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Vision Res. 1998 Sep;38(17):2635-56.

Ideal observer perturbation analysis reveals human strategies for inferring surface orientation from texture.

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Department of Psychology, University of Pennsylvania, 3815 Walnut Street, Philadelphia, PA 19104, USA.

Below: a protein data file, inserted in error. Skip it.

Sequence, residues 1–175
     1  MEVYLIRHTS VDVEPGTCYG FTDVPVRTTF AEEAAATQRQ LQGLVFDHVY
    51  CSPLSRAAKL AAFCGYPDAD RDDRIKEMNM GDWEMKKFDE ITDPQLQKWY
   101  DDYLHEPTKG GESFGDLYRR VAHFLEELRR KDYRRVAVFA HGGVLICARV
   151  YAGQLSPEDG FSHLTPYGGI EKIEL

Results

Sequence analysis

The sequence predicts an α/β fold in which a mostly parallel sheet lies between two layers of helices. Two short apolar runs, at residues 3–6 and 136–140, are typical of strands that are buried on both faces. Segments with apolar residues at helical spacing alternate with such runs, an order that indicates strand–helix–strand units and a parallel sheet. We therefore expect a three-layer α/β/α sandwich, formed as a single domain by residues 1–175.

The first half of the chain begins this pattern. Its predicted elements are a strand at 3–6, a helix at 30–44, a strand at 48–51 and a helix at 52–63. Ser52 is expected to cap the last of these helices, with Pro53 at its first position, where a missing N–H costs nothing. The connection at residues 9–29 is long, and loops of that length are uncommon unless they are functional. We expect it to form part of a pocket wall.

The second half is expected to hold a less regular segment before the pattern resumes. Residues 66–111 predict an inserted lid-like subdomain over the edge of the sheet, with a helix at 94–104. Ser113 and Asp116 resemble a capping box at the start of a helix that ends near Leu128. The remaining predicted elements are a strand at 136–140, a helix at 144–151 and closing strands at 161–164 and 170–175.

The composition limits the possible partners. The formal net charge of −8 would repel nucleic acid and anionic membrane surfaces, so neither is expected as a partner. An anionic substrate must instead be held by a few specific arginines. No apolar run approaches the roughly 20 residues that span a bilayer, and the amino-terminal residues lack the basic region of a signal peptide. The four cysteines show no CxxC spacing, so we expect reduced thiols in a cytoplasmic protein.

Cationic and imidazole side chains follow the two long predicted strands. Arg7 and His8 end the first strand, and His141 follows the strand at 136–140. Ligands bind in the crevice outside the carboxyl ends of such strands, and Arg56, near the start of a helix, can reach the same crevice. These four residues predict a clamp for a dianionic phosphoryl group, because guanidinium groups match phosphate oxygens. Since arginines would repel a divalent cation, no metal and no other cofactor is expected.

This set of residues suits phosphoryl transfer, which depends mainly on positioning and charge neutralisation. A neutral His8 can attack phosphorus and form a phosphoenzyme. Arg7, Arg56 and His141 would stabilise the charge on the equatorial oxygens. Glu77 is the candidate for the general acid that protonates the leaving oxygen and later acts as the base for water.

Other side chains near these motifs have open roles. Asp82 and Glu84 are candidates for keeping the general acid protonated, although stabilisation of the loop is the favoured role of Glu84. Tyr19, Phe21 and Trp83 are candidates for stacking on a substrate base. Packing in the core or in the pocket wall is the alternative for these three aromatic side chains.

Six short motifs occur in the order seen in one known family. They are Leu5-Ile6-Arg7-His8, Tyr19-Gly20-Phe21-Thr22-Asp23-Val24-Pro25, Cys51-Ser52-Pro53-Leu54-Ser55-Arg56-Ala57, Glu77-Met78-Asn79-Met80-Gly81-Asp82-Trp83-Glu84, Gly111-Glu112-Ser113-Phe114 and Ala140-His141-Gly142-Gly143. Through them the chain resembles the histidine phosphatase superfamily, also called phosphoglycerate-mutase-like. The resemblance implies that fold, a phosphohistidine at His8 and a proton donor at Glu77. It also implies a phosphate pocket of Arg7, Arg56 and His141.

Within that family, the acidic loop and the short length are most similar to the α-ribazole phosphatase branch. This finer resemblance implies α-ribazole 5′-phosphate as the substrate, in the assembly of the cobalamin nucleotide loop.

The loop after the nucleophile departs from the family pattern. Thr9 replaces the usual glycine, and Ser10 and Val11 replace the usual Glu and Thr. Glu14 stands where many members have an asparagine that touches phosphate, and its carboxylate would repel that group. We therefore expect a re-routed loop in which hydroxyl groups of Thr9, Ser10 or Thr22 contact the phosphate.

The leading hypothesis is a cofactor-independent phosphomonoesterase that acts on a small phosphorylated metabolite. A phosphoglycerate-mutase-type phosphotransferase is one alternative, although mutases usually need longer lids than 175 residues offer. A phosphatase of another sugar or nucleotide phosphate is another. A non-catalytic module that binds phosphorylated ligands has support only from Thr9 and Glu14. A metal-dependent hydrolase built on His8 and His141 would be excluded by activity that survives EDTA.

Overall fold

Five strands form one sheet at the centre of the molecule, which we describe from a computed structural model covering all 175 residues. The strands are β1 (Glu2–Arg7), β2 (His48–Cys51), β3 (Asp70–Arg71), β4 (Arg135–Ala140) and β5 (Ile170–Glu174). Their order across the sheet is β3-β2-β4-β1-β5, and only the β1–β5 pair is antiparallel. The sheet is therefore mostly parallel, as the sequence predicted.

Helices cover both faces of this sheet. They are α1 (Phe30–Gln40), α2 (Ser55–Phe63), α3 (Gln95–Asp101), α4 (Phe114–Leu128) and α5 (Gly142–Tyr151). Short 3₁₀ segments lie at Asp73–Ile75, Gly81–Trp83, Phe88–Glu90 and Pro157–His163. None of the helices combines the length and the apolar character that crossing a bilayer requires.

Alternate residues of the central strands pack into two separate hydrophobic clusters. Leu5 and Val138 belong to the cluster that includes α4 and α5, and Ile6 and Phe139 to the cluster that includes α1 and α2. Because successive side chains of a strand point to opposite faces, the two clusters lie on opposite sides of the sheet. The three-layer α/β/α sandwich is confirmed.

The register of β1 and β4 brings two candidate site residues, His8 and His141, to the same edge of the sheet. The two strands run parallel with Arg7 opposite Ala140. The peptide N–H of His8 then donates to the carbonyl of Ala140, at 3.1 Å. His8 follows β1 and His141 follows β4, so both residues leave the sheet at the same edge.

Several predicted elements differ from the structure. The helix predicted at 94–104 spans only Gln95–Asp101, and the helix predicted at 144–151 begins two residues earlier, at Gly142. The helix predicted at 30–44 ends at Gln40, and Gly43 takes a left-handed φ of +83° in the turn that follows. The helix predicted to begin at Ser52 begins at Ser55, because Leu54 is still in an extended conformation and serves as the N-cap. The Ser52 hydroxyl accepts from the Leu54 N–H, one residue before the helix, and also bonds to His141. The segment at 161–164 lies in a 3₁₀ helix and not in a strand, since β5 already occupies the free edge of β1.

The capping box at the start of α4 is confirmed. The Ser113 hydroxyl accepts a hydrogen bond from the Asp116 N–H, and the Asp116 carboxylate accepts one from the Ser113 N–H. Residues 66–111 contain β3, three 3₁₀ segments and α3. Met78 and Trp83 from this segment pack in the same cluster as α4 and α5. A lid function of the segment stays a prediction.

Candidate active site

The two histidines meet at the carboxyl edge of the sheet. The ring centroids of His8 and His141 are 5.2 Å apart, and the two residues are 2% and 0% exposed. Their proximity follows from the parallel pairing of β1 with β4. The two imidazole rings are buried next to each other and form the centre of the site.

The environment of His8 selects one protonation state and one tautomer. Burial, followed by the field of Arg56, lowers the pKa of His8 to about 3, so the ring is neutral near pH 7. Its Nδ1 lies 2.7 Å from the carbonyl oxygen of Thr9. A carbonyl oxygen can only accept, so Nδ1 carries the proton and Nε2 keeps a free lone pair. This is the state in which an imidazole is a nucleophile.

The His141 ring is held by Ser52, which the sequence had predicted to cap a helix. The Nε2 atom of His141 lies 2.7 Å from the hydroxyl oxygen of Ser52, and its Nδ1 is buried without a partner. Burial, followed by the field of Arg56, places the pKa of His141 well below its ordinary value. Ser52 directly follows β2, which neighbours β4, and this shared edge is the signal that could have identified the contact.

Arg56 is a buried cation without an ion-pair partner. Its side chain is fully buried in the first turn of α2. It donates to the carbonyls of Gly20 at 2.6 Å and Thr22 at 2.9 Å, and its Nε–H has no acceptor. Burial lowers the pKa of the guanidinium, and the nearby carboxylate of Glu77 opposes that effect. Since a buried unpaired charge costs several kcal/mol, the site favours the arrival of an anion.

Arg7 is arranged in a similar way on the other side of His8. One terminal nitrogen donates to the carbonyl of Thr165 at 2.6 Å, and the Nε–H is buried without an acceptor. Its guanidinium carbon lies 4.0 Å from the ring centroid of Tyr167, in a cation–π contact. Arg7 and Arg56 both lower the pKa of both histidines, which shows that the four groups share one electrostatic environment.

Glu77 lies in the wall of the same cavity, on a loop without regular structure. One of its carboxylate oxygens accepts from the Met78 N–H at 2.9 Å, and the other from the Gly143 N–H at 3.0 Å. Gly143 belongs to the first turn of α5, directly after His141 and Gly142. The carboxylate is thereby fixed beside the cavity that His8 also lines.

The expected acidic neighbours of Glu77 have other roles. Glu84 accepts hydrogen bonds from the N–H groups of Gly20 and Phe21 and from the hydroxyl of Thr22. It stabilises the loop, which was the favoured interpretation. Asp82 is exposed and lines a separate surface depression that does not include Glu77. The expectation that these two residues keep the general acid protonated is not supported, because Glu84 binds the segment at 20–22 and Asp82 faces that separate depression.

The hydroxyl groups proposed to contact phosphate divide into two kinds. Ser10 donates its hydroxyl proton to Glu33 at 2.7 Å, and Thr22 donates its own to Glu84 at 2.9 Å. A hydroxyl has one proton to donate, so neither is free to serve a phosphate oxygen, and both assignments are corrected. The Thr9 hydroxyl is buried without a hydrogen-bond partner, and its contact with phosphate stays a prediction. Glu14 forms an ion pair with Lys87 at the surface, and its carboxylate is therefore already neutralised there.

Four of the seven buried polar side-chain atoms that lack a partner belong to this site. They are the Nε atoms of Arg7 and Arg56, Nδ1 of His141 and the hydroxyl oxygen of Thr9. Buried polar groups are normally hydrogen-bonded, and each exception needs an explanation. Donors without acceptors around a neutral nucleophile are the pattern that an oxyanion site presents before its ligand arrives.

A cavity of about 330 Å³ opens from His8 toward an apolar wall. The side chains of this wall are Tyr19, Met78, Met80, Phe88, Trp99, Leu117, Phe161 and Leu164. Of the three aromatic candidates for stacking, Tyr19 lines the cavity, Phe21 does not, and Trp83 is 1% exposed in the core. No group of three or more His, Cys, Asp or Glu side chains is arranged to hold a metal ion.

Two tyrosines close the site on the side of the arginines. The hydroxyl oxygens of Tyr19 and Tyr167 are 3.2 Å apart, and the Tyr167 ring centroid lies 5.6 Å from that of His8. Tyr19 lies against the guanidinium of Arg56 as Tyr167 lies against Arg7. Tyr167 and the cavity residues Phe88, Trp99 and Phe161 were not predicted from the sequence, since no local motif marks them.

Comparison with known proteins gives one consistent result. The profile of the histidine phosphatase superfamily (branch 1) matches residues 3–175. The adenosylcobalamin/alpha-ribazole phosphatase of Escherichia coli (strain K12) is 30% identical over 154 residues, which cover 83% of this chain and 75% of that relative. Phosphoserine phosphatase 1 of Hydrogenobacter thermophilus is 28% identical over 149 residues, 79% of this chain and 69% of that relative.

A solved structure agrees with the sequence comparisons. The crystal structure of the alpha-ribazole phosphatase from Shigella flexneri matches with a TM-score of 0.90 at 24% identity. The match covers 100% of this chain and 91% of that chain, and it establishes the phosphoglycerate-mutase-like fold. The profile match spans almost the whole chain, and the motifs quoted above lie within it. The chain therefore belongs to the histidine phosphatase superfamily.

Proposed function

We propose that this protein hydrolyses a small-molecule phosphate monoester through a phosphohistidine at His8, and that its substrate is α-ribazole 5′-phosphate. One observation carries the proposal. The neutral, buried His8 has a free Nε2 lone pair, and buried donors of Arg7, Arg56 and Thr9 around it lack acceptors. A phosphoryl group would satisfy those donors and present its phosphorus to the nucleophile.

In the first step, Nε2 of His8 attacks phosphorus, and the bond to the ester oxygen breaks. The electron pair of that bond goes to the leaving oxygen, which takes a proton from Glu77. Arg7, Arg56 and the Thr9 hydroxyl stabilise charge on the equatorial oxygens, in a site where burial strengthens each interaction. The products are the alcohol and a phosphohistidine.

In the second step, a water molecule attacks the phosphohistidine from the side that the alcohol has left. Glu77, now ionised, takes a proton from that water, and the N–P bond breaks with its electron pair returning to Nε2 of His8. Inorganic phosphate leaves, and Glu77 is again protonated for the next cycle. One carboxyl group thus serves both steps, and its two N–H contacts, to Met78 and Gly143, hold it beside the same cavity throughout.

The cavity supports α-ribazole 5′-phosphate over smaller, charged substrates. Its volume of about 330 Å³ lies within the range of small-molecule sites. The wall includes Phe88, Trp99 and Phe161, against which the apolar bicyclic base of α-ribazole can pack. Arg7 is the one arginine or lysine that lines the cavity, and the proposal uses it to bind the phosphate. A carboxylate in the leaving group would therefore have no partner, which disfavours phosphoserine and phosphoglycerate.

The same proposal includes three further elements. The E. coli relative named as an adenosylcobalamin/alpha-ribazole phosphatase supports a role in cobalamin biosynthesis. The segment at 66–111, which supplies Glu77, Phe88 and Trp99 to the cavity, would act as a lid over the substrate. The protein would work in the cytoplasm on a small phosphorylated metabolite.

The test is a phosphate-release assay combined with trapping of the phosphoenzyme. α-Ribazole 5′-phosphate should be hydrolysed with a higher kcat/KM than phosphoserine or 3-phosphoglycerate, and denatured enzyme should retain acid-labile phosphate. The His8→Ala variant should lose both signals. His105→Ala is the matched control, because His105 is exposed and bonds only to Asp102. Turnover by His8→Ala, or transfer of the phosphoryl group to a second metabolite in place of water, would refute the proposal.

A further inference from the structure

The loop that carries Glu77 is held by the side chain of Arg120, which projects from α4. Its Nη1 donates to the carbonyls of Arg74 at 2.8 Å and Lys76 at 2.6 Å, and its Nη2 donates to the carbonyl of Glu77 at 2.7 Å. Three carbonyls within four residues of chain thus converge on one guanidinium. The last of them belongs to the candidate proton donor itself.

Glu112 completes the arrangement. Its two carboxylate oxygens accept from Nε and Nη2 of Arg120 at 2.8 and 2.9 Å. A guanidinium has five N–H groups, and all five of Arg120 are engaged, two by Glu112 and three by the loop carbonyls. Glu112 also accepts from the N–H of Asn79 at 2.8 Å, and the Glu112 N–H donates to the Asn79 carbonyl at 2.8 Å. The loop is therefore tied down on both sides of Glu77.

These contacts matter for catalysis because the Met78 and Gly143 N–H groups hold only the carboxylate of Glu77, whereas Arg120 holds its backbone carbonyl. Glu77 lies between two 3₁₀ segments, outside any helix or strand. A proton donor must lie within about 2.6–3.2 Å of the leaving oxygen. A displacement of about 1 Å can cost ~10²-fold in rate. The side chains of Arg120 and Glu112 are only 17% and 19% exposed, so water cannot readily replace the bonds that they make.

Optical texture patterns contain three quasi-independent cues to planar surface orientation: perspective scaling, projective foreshortening and density. The purpose of this work was to estimate the perceptual weights assigned to these texture cues for discriminating surface orientation and to measure the visual system's reliance on an isotropy assumption in interpreting foreshortening information. A novel analytical technique is introduced which takes advantage of the natural cue perturbations inherent in stochastic texture stimuli to estimate cue weights and measure the influence of an isotropy assumption. Ideal observers were derived which compute the exact information content of the different texture cues in the stimuli used in the experiments and which either did or did not rely on an assumption of surface texture isotropy. Simulations of the ideal observers using the same stimuli shown to subjects in a slant discrimination task provided trial-by-trial estimates of the natural cue perturbations which were inherent in the stimuli. By back-correlating subjects' judgments with the different ideal observer estimates, we were able to estimate both the weights given to each cue by subjects and the strength of subjects' prior assumptions of isotropy. In all of the conditions tested, we found that subjects relied primarily on the foreshortening cue. A small, but significant weight was given to scaling information and no significant weight was given to density information. In conditions in which the surface textures deviated from isotropy by random amounts from stimulus to stimulus, subject judgements correlated well with the estimates of an ideal observer which incorrectly assumed surface texture isotropy. This correlation was not complete, however, suggesting that a soft form of the isotropy constraint was used. Moreover, the correlation was significantly lower for textures containing higher-order information about surface orientation (skew of rectangular texture elements). The results of the analysis clearly implicate texture foreshortening as a primary cue for perceiving surface slant from texture and suggest that the visual system incorporates a strong, though not complete, bias to interpret surface textures as isotropic in its inference of surface slant from texture. They further suggest that local texture skew, when available in an image, contributes significantly to perceptual estimates of surface orientation.

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